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I'll use the example of "olive oil" as the term, although that is fictitious, but the generic term is as common as that and a two-word term.
This is *not* something like Xerox--this is a generic descriptive term used for hundreds of years. It's so generic it's often used as an industry classification in official documents.
1. Trademarked "olive oil" for the print/magazine category. (5 years)
2. They have a magazine called "Olive Oil". (10 years).
3. They own OliveOil.com, but do not sell olive oil, only articles from their magazine.
4. They appear to be a fairly small company, not a big conglomerate and I couldn't find any history of litigation.
5. There are a couple other active sites with similar domain names not owned by them (small stores with 1997-style sites or parked domain)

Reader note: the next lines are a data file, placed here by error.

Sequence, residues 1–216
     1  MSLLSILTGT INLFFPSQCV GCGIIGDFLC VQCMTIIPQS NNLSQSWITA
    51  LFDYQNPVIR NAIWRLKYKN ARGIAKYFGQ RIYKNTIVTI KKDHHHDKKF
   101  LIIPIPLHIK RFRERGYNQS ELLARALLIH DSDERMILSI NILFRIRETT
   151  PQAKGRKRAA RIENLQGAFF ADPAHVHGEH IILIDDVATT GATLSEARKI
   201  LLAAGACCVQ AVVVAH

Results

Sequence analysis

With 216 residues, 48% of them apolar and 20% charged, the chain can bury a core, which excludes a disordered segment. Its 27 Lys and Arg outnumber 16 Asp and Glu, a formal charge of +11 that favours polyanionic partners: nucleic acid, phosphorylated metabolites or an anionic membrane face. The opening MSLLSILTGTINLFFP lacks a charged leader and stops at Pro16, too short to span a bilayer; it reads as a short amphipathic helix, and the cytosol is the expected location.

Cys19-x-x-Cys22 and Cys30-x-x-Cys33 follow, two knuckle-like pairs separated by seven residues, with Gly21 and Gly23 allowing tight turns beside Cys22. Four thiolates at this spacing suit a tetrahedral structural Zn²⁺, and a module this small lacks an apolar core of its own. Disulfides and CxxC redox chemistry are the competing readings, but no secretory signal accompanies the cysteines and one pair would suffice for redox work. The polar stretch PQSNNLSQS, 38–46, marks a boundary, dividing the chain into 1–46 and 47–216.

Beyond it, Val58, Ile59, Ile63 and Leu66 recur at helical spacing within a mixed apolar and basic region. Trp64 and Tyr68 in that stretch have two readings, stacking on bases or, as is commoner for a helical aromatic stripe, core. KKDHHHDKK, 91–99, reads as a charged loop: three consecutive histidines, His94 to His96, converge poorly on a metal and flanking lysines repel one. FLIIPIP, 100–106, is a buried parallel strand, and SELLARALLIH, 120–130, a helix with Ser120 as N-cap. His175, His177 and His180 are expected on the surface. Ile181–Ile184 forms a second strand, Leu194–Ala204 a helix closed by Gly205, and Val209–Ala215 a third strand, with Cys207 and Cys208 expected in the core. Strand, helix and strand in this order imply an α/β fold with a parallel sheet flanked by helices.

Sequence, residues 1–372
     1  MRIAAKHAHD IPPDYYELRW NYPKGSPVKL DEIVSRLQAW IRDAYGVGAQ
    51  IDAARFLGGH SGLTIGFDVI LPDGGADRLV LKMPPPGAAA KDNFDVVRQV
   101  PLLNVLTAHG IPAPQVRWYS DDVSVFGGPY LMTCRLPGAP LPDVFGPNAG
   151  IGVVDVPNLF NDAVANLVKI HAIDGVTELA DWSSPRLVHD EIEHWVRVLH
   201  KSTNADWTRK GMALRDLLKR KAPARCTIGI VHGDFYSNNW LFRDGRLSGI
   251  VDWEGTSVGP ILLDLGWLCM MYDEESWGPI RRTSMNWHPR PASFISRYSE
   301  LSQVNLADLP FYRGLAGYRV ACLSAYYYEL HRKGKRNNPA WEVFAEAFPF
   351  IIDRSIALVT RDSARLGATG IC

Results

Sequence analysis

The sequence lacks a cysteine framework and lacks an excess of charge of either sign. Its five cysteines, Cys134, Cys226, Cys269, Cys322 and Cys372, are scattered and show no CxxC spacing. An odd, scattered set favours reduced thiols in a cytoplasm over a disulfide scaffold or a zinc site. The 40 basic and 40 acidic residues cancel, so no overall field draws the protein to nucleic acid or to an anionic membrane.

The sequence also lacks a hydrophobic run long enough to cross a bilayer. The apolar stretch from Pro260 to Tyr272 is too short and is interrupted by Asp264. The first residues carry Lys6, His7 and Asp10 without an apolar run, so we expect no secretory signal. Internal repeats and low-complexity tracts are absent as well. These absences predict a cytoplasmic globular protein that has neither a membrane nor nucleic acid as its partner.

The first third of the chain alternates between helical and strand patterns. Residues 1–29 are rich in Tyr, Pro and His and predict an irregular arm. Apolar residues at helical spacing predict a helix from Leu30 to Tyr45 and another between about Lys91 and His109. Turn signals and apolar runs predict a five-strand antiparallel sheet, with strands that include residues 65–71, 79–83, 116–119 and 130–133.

1. OliveOils.org (remember this is a fictitious example, I don't own that specific domain!)
2. I plan to file a trademark on a name similar to "Olive Oils" but with an additional appended word like "The Olive Oils Group".
3. My site will both sell and review "Olive Oil". It looks 100% completely different from their site and logo.
Does anybody have any personal experience dealing with an issue like this or recommendations so that I can better defend this if/when it becomes an issue?
Apparently ICANN and the WIPO have dismissed several domain complaints brought by holders of trademarked generic terms.
So there seems to be precedent in favor of generic keyword domain holders, as long as there is not an attempt to confuse visitors on the source of the website or defraud, or just domain squatting.